The World Is in the Middle of a Reproducibility Crisis in the Sciences
Recently in a private forum, someone talked about how the Earth is passing through a dark matter “Hurricane.” And one of my friends pointed out that it’s kind of interesting that we’ve moved from science discovering things you could see, touch, understand, and use to produce results, to the kind of nebulous theory that can never be completely proven or disproven.
In fact, apparently, no one is even absolutely sure that dark matter exists. But we have think tanks that instead of, say, assuming our theory of gravity might not be precisely true, posit dark matter to explain the discrepancies.
It’s kind of like the idea of parallel universes, say, which has become at least somewhat accepted, but which can never be proven or disproven.
And if it were just that, what my younger son (who is taking that kind of class) calls “physics when it becomes religion” wouldn’t be such a big deal.
But it is not.
We have laboratories, social studies think tanks, and countless and endless “experiments” going on, most of them paid for by the bountiful purse of Uncle Sam. And most of them irreproducible.
In fact, in an age of “evidence-based medicine,” which means, in practice, medicine where someone can cite some study to support what they want to do/is cheaper/fits their (mostly silly) Marxist ideas, most studies even in the hard sciences are non-reproducible.
This is not casting shade on the real scientists, who, yes, might take government money, but work very hard at making their study rigorous and absolutely reproducible. Heck no. Those people are important. They’re also a dying breed. The system encourages “science-to-order” generating things like the hokey hockey stick graph and thousands upon thousands of studies that are the equivalent of “climate science” or worse, rather than studies that are actually useful and applicable.
This is, in general, because government gets what it pays for, and what it pays for is the conclusions it wants. This is, of course, worse in the softer sciences, but it’s very bad in all sciences. Which is why the world is in the middle of a reproducibility crisis (though these guys would rather we called it a problem), i.e. studies that when examined are wholly made up, or severely fudged.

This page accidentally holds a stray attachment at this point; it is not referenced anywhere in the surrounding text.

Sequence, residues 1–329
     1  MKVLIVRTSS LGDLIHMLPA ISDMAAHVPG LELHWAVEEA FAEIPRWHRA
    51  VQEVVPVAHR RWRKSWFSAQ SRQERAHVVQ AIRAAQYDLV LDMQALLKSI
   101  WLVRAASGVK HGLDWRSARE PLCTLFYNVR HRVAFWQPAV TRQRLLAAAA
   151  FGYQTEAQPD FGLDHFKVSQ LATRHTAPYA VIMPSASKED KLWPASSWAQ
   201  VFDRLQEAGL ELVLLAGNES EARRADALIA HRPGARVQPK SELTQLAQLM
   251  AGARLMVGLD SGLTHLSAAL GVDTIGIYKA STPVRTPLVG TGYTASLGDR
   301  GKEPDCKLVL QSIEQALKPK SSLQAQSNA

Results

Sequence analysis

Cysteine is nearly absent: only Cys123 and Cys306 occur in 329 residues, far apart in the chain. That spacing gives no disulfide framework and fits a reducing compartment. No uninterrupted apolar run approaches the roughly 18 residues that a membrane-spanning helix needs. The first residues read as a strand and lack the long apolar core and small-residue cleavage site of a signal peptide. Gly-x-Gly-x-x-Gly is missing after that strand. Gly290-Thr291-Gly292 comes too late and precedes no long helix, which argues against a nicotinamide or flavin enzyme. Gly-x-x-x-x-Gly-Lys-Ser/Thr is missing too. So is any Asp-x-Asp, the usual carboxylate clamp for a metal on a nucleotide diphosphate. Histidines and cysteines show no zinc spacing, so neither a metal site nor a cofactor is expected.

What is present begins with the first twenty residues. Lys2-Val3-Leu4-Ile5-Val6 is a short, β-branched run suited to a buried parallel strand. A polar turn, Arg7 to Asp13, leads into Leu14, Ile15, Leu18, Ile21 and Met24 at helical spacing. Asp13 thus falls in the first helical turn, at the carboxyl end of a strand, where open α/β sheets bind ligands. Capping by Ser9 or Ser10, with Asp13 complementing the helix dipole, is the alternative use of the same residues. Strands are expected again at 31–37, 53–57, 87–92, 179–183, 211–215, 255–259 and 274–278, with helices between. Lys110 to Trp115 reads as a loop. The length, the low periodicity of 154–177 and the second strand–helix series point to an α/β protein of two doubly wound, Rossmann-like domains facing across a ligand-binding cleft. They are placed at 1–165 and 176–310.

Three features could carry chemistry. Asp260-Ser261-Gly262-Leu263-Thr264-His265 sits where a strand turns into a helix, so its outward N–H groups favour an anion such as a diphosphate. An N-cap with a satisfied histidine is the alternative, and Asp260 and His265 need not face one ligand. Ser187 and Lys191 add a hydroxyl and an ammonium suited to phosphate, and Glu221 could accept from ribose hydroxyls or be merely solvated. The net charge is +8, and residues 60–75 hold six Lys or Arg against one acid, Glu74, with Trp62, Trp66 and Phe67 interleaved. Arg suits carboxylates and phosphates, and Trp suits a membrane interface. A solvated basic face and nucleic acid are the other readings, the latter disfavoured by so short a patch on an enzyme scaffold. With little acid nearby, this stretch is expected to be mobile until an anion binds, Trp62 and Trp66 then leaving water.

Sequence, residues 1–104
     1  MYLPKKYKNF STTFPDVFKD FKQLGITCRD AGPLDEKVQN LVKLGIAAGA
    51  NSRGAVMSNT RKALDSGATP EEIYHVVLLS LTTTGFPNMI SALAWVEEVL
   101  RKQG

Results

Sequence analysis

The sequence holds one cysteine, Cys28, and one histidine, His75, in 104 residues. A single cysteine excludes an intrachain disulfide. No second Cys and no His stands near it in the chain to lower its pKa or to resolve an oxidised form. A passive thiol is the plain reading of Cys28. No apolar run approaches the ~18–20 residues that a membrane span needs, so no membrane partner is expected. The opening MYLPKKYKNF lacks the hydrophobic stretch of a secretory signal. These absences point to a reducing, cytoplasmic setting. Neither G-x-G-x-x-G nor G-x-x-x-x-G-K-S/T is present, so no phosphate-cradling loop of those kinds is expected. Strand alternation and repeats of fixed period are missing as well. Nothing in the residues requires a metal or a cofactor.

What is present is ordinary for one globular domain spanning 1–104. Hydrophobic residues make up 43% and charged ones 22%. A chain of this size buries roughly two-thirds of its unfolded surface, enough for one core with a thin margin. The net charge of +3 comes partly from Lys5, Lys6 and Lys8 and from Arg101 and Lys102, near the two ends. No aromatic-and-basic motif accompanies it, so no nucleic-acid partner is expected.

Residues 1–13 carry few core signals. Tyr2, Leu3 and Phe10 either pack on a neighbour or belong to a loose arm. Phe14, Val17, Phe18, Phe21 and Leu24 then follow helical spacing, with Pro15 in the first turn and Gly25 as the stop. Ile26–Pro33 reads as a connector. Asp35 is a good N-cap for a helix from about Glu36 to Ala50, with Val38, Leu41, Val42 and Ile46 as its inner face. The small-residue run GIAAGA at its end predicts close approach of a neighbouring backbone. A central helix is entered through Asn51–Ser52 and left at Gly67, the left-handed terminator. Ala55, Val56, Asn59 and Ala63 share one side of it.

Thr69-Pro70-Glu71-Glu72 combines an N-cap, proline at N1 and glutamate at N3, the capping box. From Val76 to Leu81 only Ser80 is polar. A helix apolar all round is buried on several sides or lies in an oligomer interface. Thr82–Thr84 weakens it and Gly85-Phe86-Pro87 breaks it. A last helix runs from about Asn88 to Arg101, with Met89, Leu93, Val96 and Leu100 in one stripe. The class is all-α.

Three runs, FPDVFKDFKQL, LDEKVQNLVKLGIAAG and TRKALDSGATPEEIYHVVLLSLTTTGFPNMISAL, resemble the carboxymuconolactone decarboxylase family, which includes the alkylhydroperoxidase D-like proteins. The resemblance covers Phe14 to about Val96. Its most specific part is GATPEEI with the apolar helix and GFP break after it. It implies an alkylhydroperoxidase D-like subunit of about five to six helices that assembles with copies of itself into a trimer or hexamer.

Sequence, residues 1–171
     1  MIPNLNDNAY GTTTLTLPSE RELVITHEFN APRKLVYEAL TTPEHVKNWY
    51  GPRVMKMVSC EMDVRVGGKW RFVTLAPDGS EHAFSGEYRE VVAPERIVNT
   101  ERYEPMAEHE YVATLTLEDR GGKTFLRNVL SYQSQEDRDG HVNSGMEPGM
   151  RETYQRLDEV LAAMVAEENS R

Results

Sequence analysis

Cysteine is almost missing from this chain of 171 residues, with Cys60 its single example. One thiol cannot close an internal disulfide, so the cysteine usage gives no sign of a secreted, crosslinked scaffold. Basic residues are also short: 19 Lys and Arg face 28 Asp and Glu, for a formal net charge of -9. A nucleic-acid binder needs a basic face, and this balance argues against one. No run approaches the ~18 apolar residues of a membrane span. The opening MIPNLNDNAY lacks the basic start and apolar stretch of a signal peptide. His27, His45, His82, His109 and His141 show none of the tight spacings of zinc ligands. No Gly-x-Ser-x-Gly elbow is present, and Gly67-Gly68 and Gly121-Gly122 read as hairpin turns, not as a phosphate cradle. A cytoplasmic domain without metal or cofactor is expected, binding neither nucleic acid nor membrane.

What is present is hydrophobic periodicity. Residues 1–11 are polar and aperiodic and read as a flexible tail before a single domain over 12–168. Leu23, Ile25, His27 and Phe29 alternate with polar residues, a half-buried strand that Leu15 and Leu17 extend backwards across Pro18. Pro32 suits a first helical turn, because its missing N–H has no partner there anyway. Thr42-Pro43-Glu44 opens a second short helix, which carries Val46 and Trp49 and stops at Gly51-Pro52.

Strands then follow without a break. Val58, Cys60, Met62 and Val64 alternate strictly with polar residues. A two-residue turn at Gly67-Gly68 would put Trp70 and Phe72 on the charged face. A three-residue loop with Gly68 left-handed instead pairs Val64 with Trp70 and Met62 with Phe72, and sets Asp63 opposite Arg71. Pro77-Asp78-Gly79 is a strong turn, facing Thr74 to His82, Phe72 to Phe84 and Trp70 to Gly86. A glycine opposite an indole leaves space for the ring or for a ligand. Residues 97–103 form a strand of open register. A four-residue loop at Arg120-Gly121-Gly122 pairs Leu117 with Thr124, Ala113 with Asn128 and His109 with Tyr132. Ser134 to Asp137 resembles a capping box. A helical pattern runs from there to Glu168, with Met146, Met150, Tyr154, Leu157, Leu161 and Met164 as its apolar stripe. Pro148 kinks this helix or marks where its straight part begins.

Needless to say, this kind of fudged research that can’t be reproduced is very bad in the hard sciences. I mean, which of you wants a surgeon to go in and remove your tonsils because that will make your immune system stronger because some study shows…? Yeah, exactly what they did to me and my generation, and the exact opposite of what works. So, yeah, none of us wants that. We also don’t want new super-duper rocket fuels that don’t work at all. Or Solyndras that are financed by government, cost us millions of dollars, and produce nothing. (Okay, that was straight-up fraud, but I’m sure there are studies saying that solar energy can replace fossil fuels because there are studies saying practically everything.)
But it’s actually worse in the social sciences, because social sciences, by being called "science," tell us who we are. Take Calhoun’s “mouse utopia experiment,” which informed the minds of generations about the perils of overpopulation. Let’s say the results weren’t precisely as interpreted. (I actually could only find this mildly critical article, while page after page of searches echo the original interpretation. I have a memory – and I’m sorry, it’s been years and it was a paper magazine – of reading that besides the fact humans aren’t rodents (duh!) there are other problems with the framing of the experiment itself, which explains why the results don’t apply to places like, oh, Singapore or Hong Kong.) But they were swallowed whole and regurgitated in things like "Logan’s Run" to convince normal human beings that more of us would be a bad thing, and that there was no point in wishing to give birth to and raise future generations.